The disclosure statement

If it was unreasonable to have searched for a category or class of document, the disclosure statement should make this clear.  PD31 4.4 places an obligation on the legal representative acting for a party giving disclosure to "endeavour to ensure that the person making the disclosure statement... understands the duty of disclosure under Part 31".  In Wagstaff v Colls [2003] EWCA Civ 469 it was stated, " ...it is the solicitor who is in charge of deciding what documents are or are not to be disclosed... he cannot hide behind his client's instructions. If he cannot persuade his client to comply with what is right in the circumstances, the solicitor must withdraw from the case."

What are the limits?

The duty to disclose is on-going until proceedings are concluded (see CPR 31.11). If, following disclosure, further documents come to light, there is a duty to immediately notify the other party.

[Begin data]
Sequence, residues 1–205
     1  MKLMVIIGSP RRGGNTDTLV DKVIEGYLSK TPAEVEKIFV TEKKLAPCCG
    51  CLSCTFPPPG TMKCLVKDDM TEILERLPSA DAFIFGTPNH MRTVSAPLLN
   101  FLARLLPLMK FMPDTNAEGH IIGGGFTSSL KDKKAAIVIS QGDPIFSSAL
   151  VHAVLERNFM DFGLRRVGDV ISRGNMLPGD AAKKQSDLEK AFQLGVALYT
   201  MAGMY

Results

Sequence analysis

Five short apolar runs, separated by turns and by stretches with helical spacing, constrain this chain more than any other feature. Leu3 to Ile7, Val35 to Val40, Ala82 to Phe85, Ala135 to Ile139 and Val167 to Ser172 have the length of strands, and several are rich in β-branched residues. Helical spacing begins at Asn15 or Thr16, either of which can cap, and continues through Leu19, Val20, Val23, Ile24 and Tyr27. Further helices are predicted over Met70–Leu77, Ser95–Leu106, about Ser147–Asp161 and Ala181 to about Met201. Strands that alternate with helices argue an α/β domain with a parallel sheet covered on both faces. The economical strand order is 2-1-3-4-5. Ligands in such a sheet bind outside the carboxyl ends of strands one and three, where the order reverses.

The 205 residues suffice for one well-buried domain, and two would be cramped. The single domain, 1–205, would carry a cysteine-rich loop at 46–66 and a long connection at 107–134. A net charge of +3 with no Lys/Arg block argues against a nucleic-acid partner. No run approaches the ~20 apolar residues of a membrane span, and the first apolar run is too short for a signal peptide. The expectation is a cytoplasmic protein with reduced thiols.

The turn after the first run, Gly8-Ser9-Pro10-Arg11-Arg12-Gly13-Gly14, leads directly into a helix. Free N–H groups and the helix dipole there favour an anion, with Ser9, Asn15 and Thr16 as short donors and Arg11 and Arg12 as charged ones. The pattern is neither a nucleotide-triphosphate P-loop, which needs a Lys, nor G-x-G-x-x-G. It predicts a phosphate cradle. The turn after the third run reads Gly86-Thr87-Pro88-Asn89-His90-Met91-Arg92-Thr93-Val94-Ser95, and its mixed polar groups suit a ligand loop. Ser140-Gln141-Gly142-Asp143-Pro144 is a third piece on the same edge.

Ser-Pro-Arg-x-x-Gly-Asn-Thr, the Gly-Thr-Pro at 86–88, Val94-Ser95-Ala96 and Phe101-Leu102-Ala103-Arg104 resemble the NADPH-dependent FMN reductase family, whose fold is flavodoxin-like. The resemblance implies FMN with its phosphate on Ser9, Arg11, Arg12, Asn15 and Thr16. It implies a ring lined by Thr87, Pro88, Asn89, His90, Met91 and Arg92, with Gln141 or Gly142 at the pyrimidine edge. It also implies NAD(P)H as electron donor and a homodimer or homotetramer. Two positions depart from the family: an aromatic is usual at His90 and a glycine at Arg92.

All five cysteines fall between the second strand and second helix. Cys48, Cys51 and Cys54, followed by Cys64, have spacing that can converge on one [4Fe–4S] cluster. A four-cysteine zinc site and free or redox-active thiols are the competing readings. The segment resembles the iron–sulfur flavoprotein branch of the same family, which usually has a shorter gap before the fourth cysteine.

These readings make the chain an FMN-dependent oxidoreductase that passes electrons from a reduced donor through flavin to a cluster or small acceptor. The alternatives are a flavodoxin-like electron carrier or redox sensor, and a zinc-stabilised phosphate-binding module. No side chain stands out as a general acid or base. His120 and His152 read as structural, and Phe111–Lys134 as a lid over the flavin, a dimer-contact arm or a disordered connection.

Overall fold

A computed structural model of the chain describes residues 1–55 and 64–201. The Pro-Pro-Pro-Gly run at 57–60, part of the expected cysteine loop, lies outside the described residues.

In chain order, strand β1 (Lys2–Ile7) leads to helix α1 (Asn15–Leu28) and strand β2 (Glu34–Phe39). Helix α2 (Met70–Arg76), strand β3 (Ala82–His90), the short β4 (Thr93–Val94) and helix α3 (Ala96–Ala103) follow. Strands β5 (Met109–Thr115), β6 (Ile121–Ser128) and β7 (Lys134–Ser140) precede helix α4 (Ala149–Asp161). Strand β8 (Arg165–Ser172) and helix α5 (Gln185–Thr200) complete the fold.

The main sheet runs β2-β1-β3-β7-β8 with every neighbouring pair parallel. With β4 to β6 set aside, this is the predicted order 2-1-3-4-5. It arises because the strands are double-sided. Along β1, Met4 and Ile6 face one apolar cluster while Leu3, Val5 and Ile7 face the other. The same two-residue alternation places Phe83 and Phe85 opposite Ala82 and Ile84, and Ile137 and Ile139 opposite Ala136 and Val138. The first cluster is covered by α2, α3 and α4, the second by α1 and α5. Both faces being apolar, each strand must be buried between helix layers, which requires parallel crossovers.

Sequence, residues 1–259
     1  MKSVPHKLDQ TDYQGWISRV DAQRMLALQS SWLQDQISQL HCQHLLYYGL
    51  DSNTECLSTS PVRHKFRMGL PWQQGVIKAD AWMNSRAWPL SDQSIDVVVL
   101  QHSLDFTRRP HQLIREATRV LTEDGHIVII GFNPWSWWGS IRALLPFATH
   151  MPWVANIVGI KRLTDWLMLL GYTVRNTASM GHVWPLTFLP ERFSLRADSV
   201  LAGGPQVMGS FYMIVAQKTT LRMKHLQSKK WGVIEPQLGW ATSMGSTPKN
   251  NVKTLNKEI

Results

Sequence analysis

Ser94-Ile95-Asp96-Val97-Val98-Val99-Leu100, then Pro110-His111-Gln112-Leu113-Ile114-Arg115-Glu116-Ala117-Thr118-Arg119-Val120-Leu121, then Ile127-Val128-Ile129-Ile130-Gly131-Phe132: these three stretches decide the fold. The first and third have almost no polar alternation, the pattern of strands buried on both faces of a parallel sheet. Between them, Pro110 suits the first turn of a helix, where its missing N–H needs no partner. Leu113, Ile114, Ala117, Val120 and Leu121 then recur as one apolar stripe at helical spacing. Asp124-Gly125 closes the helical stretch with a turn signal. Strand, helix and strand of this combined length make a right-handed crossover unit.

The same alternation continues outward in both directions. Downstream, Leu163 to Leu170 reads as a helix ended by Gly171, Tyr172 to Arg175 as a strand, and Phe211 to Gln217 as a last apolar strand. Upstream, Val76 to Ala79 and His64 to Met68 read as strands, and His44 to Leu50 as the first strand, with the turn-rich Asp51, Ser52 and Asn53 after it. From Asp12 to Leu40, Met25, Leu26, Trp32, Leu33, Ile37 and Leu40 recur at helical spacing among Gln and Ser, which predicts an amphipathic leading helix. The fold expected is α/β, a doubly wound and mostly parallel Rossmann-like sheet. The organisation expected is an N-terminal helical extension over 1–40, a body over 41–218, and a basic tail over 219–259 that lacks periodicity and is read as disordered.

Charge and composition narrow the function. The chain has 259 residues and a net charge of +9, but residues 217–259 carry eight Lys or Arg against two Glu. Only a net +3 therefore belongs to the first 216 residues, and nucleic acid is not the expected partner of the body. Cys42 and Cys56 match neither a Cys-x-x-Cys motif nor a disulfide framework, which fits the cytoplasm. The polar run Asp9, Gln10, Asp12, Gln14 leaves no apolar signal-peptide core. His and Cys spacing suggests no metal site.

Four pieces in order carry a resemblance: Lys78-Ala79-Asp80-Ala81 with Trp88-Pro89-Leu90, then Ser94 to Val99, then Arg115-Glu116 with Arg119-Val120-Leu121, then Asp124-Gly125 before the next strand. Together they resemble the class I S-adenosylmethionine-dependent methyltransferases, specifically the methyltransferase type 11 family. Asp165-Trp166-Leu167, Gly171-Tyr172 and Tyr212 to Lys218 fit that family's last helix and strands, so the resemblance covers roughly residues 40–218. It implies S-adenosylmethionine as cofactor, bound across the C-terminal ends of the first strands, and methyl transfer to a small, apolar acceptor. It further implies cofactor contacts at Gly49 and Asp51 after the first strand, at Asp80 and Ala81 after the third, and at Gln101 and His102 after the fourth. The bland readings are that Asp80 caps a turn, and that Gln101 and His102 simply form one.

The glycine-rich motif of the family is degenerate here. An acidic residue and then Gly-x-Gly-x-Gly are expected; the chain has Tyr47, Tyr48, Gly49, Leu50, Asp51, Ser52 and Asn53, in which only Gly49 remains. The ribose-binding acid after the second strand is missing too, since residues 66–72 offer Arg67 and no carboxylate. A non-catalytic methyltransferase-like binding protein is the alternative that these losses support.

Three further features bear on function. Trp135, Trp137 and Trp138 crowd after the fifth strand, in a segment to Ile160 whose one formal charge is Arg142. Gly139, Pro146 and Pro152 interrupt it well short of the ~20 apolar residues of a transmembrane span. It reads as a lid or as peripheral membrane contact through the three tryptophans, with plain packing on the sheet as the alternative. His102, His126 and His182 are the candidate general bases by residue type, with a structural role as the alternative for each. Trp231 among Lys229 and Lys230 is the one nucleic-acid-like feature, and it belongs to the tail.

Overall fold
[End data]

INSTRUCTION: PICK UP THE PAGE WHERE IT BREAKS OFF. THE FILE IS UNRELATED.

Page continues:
Failure to comply

If a party fails to comply with the disclosure requirements, any order or judgment that is made in the claim could be struck out (see Rybak v Langbar international Ltd [2010] EWHC 2015).

Inspection

Following disclosure, the opposing party has a right to inspect the disclosed documents.  There are however some exceptions:

  1. Where documents are no longer in the control of the disclosing party;
  2. Where it would be disproportionate to the matters in issue to allow inspection; or
  3. Where the disclosing party is entitled to withhold the document.